Women in the form of Prakruti have an established position in the Sanatan Dharma and also in the Puranic scriptures. “The Encyclopedia of Religion and Nature”, refers to Prakruti as the feminine aspect of all life forms, and more specifically a woman is seen as a symbol of Prakruti. Prakruti also means that aspect which gives shapes or forms, signifying nature or pure energy. The woman represents Mother Nature and nature personifies life that is forever evolving, altering, multiplying, and manifesting itself with the urge to give, grow, and gather. A woman is a giver, a benefactor of life who contributes to adding numbers to humankind. It’s the biological difference that makes the woman’s womb the initial capsule of life. The seed of life that grows within the female kind finally sees the world post the gestation period. An alternative for this remains unknown. In Hinduism, ‘Yoni’ the female genital and ‘Linga’ the male genital are worshipped in the conjoined representative form of Shiva, and Shakti and the unification of the two create the tangible beings that are ‘Life in existence’.
The most extreme iconography of female corporeal representation of ‘Yoni’- The female genital, can be seen in the lotus headed Divine representation of Lajja Gouri –Lajja meaning shy and Gouri who is Parvati. This form of Shakti is worshipped as the Modest Goddess of fertility and abundance and addressed as Lajja Gouri. Faith holds that by worshipping the Lajja Gouri women having problems with their puberty, issues with menstruation, child conception, and gynecological concerns are solved.
An inseparable aspect of being a woman, a life-giver, and a creator is the occurrence of the menstrual cycle. Menstruation is a physiological process related to the propagation of our species. This blood discharging process happens in healthy and fertile women on a monthly basis. Every month, a woman is biologically made ready to play the creator. What clutches the natural flow of creation from being acceptable and celebrated are the religious and social taboos associated with this phenomenon. The cultural impact on breeding negative menstrual attitudes has been long-standing and imbibed in the social weave.
Celebrating Menstruation of Mother Earth
Jagannath Sanskruti is mystical and enigmatic. The practices and celebrations are a blend of aboriginal and Vedic practices. The Ratnasinghasana at the sanctum sanctorum of the Srimandira has seven Deities. The wooden idols of Shri Jagannath seated with his elder brother Shri Balabhadra and Younger sister Devi Subhadra along with Sudarshana. He also shares the Ratna Bedi with Madhaba carved in wood and his two wives Sri Devi and Bhu Devi. The idol of his wife Sridevi is sculpted in gold and represents Goddess of wealth, Devi Lakshmi. The idol of his wife Bhu Devi is sculpted in silver and represents the Goddess of Earth, Devi Basumati. As per Puranic scriptures, Bhu Devi is the epitome of the entire Prakruti. Legend has it that Shri Jagannath is in the sick quarters during the Anabasar period, his wife Bhudevi goes for a three-day-long menstrual cycle and becomes Rajaswala. Thus ‘Rajo’. The word ‘Rajo’ or ‘Ra-jaw’ as it may be aptly pronounced, is a festival rooted in the Jagannath culture and celebrates the menstruating cycle of Jagannath’s wife Bhu Devi – The Goddess of Earth.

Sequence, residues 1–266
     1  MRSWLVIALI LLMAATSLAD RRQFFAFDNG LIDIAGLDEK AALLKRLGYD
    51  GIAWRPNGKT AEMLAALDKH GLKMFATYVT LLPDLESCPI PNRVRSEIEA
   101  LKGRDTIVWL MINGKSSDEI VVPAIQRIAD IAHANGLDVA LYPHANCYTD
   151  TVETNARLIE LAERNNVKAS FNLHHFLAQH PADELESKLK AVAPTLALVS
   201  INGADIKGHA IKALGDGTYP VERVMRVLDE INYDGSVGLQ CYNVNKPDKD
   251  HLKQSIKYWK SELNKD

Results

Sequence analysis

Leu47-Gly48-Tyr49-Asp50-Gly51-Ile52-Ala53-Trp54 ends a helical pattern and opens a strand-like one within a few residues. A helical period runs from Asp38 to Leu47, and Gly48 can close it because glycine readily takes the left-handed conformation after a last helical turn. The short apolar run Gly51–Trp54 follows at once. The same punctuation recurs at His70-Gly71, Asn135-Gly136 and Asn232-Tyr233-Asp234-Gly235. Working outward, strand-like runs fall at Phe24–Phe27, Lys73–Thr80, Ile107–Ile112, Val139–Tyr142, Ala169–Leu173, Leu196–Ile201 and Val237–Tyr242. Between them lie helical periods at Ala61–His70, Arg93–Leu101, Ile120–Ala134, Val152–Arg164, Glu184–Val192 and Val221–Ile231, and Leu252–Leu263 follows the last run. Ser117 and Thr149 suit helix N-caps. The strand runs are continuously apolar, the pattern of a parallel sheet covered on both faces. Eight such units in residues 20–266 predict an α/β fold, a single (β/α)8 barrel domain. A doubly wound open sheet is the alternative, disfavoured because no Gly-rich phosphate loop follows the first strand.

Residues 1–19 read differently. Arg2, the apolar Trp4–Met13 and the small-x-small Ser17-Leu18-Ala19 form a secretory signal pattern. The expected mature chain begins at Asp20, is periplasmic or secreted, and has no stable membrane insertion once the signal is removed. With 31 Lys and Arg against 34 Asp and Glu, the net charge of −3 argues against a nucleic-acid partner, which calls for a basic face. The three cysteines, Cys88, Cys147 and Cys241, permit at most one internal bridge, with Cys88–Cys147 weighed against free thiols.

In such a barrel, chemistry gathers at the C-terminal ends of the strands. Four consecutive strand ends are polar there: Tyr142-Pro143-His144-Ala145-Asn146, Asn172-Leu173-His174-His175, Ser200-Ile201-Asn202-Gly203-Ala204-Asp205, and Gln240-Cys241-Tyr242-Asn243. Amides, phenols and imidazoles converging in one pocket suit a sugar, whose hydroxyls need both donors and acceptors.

Rajo is celebrated in Orissa as a fertility festival of the Earth. It is an annual celebration to honor Mother Earth’s capacity to create life and her power in allowing the emergence of life-sustaining factors. The lines below suggest the power of Mother Earth:
“ऊँ भूरसि भूमिरस्यदितिरसि विश्वधारा
विश्वस्य भुवनस्य धर्त्री ।
पृथिवीं यच्छ पृथिवीं दृंह पृथिविं मा हिंसीः ॥“
“oṃ bhūrasi bhūmirasyaditirasi viśvadhārā
viśvasya bhuvanasya dhartrī |
pṛthivīṃ yaccha pṛthivīṃ dṛṃha pṛthiviṃ mā hiṃsīḥ ||”
The above lines translate to – Om you are the purpose of sensory awareness; you are the Goddess who distributes the forms of the Earth. You are the creator of the Universe, the sustaining element of all things accessible in the universe. Control (or sustain) the earth, firmly establish the earth, make the earth efficient in its motion.
The word ‘Rajo’ may be translated to ‘blood’ in Sanskrit. The Festive name Rajo originates from the Sanskrit word ‘Rajaswala’ meaning ‘menstruating woman’. The festival recognizes the importance of menstruation in women as a blessing as against a taboo. It is a festival that celebrates menstruation, fruitfulness, and feminine capacities of creating and fostering life. The Rajo festival is celebrated across Orissa for four days. The day before day one is the preparatory day and is called Saja Baja. The day one is Pahili Rajo, the second day falls on the day of Mithuna Sankranti when the Sun transits from Vrishabha Rashi (Taurus) to Mithuna Rashi (Gemini). The transition marks the beginning of the Hindu month of Ashada. The third day is celebrated as ‘Basi Raja’ or ‘Bhu Daaha’ and the fourth day is the ‘Basumati Snana’. On a concluding day, the day of Basumati Snana the stone used in the hand grinder is considered as the representation of the Mother Earth of Bhumi. Women give a ritualistic bath to the grinding stone with water, turmeric and sandal paste and then decorate it with flowers, vermillion, earthen lamp, and aromatic incense sticks. A variety of the last reap of summer fruits that include mangoes, pineapples, jackfruits, tender palm, etc. are offered to mother Bhumi.